Gulf Coast golf courses get the shaft from U.S. House of Reps
Gulf Coast golf courses are no different from a massage parlor, liquor store, casino or hot tub facility. At least not in the eyes of the U.S. House of Representatives.
In voting through a multibillion-dollar tax package of tax breaks to revive hurricane-destroyed businesses, the House excluded casinos and country clubs, two stalwarts of the region’s tourism industry.
According to the Associated Press, Rep. Frank Wolf, R-Va., said Congress should not allow ‘‘our constituents’ hard-earned tax dollars, in these kinds of record deficits, to subsidize the rebuilding of a massage parlor, a liquor store or a casino.’’
Or a golf course, it appears.
Actually, the whole issue of rampant cuts that’s going through Congress now is surreal, considering a budget deficit in the neighborhood of $300 billion a year. Face it, by 2010, all U.S. citizens will likely be required to work six months a year in Chinese mines to help repay the deficit. They can call it “Freedom Digging.”
But that’s neither here nor there. Few can dispute the need for tax relief for areas of the Gulf Coast, which saw so much of its coastal area just obliterated. In the House bill, the incentives for Gulf Coast commerce include tax credits and myriad deductions for low-income housing and rehabilitating commercial structures and historic buildings, as well as tax breaks would help businesses recoup cleanup and demolition costs and aid small timber operations with reforestation.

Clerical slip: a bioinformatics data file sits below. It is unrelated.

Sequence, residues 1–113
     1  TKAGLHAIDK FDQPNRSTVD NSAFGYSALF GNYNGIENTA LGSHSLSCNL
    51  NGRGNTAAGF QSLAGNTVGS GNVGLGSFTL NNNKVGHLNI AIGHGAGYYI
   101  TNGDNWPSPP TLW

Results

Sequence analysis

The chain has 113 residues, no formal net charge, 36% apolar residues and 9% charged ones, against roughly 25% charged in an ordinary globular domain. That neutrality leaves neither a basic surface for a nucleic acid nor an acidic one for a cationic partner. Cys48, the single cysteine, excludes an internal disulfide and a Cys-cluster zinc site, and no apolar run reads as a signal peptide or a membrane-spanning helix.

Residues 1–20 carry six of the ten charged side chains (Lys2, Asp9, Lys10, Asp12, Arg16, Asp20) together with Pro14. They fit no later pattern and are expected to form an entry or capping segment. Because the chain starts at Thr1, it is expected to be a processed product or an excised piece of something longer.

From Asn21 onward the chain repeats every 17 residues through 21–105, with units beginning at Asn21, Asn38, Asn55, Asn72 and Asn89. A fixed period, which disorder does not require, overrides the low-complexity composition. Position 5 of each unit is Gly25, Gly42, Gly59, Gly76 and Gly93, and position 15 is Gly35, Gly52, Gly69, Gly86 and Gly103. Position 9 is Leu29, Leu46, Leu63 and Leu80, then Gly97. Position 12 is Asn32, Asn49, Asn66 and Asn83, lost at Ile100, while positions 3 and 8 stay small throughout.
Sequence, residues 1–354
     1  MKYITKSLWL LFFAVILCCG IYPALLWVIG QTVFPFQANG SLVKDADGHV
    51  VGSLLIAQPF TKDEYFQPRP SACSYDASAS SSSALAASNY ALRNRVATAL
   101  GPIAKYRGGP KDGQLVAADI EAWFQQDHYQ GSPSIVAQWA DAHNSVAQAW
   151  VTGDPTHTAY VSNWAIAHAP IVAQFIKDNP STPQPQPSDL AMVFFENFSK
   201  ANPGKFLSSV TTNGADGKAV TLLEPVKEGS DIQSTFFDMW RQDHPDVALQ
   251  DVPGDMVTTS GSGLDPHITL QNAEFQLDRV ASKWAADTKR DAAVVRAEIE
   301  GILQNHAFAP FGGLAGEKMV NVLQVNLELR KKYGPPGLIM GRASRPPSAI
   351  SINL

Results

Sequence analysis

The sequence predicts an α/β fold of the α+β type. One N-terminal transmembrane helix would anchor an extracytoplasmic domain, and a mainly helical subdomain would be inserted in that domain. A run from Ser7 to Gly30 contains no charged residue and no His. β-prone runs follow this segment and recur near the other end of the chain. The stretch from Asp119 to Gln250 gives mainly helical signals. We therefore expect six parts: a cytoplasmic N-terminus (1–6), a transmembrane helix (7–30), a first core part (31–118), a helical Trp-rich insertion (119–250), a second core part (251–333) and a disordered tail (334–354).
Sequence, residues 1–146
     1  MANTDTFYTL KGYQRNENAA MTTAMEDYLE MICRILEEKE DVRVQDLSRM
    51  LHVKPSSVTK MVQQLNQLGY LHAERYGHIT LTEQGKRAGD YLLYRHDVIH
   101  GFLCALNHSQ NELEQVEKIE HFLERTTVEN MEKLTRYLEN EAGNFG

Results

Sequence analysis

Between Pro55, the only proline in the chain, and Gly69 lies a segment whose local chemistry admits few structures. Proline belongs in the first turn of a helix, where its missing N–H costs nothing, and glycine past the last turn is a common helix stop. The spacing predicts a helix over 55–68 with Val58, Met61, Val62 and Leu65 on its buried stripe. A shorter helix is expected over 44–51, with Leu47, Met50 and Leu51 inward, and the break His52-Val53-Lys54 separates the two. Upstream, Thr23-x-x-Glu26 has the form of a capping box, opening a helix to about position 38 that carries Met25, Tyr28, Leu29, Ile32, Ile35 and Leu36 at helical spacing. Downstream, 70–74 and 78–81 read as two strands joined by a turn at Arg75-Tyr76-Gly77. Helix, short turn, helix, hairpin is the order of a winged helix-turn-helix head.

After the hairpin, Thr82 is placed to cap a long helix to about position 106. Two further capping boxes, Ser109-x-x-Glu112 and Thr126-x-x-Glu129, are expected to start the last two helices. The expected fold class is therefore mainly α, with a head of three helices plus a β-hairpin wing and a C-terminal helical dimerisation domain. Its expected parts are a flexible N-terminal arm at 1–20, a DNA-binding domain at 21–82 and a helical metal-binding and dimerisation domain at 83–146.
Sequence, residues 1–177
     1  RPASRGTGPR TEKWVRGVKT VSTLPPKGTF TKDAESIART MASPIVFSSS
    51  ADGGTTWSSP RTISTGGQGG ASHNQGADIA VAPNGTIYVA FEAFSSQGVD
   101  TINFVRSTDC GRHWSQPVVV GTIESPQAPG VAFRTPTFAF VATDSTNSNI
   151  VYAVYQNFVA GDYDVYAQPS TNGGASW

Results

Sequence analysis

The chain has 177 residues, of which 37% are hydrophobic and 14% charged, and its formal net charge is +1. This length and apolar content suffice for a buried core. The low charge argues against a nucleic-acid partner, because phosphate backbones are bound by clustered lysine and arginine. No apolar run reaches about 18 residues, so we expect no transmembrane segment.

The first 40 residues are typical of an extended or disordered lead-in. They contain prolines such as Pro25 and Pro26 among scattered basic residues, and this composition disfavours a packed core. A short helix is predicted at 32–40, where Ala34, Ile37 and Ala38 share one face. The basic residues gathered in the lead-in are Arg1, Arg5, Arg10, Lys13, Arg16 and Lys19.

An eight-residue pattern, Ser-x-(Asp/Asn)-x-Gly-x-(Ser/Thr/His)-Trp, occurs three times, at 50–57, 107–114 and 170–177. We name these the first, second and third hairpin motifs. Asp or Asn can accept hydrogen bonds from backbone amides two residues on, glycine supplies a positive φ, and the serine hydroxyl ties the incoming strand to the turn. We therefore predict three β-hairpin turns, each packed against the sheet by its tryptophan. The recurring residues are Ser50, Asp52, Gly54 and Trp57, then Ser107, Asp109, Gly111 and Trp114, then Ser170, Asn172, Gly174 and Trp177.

Gulf Coast golf courses aren’t completely screwed yet, as the bill will get some Senate revising, and there has already been opposition to leaving out “leisure industries” from the tax breaks.
Regardless, the House’s actions shine a spotlight on the trickle down effect of legislating morality: ‘‘our constituents’ hard-earned tax dollars, in these kinds of record deficits, to subsidize the rebuilding of a massage parlor, a liquor store or a casino.’’
Or a golf course?
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